Netflix churns out original movies and shows a mile a minute, and while many of them are great, a fair amount are awful.
It's harder for Netflix to bury its regrettable original shows than it is for traditional broadcast and cable networks. When Netflix finds itself with a lemon on its hands, there's usually minimal PR for it, hoping that it won't attract notice from audiences. It likely isn't on the homepage.
Although Netflix can try to downplay a series if it's terrible or was swiftly cancelled, it can't truly make shows disappear. They stay on Netflix forever, reminding the company and its subscribers of its failure. And since new seasons of most Netflix original shows come out all at once, the company doesn't have the opportunity to axe shows mid-season if they prove disastrous.
Perhaps Netflix doesn't take failed shows out of their library because someone might still be watching them. But that also means a record of its failure will always be there for you to run into while browsing.
It's much easier to bury TV mistakes on broadcast and cable: if a show is canceled after the first season, it's unlikely that it will make it to DVD unless the show was perceived to be wrongly canceled and amassed a cult following that would faithfully buy the first season.
Let's examine the skeletons in Netflix's closet with the most unmemorable, truly bad series the streaming giant has churned out. Here are 15 Terrible TV Shows Netflix Wants You To Forget.
15 Pacific Heat
Pacific Heat was slammed by critics as an unfunny Archer ripoff.
The disappointing Pacific Heat is an animated adult comedy about spies, making it suspiciously similar to the concept of the beloved Archer. The animation style looks like it's been copied from Archer, too.
The Australian import earned a very low Rotten Tomatoes score of 17%. It stars literally no one of note, and even the animation looks low-quality.
The show, which originally premiered on Australia's The Comedy Channel, hasn't been canceled yet for some reason. Perhaps the success of Netflix's BoJack Horseman, another animated adult comedy, prompted Netflix to buy the rights to premiere Pacific Heat in America, but it's safe to say it was a mistake.
In Gypsy, Naomi Watts plays a sexy therapist who is obsessed with her patients. Jean Holloway, PhD, uses the alias Diane Hart to get close to the people who are close to her patients. Needless to say, this is majorly overstepping professional boundaries.
The show was canceled a mere two months after the first season premiered. The series was named after the Fleetwood Mac song Gypsy, and Stevie Nicks even recorded a new acoustic cover for the doomed show's theme song. Gypsy also stars Billy Crudup and Blythe Danner.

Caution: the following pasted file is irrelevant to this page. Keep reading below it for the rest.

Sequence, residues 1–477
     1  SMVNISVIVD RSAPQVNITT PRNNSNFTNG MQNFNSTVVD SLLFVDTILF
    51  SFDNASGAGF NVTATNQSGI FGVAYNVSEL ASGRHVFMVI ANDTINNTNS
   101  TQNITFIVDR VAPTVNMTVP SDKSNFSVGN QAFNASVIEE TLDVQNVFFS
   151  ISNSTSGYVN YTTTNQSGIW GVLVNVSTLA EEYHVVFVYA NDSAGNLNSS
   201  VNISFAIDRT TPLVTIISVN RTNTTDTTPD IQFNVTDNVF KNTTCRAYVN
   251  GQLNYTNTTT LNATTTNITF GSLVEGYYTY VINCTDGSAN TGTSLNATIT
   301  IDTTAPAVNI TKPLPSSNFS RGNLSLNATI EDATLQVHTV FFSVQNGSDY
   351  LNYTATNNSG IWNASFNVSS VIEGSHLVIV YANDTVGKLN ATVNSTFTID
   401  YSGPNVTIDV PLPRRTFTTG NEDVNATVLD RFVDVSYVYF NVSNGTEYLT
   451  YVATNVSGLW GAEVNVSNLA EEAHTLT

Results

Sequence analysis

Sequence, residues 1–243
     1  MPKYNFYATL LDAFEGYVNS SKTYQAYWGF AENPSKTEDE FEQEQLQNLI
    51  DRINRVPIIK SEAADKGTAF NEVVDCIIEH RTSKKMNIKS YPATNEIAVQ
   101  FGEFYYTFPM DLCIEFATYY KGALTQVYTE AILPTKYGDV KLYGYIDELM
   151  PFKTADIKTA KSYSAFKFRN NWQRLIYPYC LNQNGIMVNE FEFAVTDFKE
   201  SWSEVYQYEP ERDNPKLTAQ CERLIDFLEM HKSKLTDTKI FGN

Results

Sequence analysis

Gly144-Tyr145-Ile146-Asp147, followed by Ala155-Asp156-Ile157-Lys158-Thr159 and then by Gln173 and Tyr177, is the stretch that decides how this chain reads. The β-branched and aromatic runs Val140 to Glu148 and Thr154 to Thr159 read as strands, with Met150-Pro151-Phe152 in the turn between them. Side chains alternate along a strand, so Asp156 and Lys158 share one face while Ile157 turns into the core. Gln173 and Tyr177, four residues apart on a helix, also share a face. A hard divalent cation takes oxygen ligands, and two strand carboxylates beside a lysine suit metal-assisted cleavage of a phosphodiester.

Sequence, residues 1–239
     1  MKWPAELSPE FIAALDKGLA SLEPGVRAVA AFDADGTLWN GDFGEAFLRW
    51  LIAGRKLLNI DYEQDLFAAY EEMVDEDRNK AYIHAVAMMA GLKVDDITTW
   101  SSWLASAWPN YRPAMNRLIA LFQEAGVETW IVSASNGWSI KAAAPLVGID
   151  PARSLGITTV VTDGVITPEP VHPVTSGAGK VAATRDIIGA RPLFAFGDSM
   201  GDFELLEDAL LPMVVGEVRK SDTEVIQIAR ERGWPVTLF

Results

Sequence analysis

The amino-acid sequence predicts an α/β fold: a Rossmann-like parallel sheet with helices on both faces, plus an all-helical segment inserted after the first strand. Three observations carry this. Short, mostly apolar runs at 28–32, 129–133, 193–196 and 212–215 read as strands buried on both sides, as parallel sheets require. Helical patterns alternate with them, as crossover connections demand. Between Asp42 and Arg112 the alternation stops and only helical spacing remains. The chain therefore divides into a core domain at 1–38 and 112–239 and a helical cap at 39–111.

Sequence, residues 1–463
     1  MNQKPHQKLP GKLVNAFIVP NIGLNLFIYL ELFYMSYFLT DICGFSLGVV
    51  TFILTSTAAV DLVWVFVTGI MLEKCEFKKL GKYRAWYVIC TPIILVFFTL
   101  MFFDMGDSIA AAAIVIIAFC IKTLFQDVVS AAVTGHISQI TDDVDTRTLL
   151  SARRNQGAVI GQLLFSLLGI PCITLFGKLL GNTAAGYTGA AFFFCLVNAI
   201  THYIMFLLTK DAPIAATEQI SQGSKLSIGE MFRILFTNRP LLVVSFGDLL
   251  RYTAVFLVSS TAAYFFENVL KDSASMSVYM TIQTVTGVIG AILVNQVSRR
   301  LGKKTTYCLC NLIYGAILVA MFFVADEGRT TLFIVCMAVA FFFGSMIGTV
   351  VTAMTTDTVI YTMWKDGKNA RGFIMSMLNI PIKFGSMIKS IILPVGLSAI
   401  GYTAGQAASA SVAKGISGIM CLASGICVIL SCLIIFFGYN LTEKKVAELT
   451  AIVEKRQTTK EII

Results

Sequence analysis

Naomi Watts headlining a sexy thriller seemed like a good idea in practice. After all, she's famous for David Lynch's Mulholland Drive (2001). But critics agreed that the show was boring and terribly executed. It has a paltry Rotten Tomatoes score of 25%.
13 Marco Polo
"Marco!" Netflix called out to the world when they released this show. But not a "Polo!" was uttered in return.
Season one of this period drama was met with overwhelmingly negative reviews from critics. After season two was met with the same, it was canceled by Netflix.
The period drama followed the real-life historical figure Marco Polo, a 13th-century explorer. The series is about his time in the court of Kublai Khan, Khagan (or, emperor) of Mongolia. The cast is made up of unknowns. It just felt like no one was watching the show.
It was a high-profile cancellation for Netflix. According to The Hollywood Reporter, the show had a huge budget of $90 million and the two seasons Netflix made cost them a $200 million loss.
12 Netflix Presents: The Characters
The Characters (2016) was an interesting experiment. Netflix gave eight up-and-coming comedians a chance to write and star in a 30-minute episode of TV. It's as if Netflix gave these comedians their own series, except they only gave them one episode each.
The comedians are Lauren Lapkus (Crashing, Orange Is the New Black), Kate Berlant, Phil Burgers, Paul W. Downs (Broad City), John Early (Wet Hot American Summer: First Day of Camp), Tim Robinson (Detroiters), Natasha Rothwell, and Henry Zebrowski.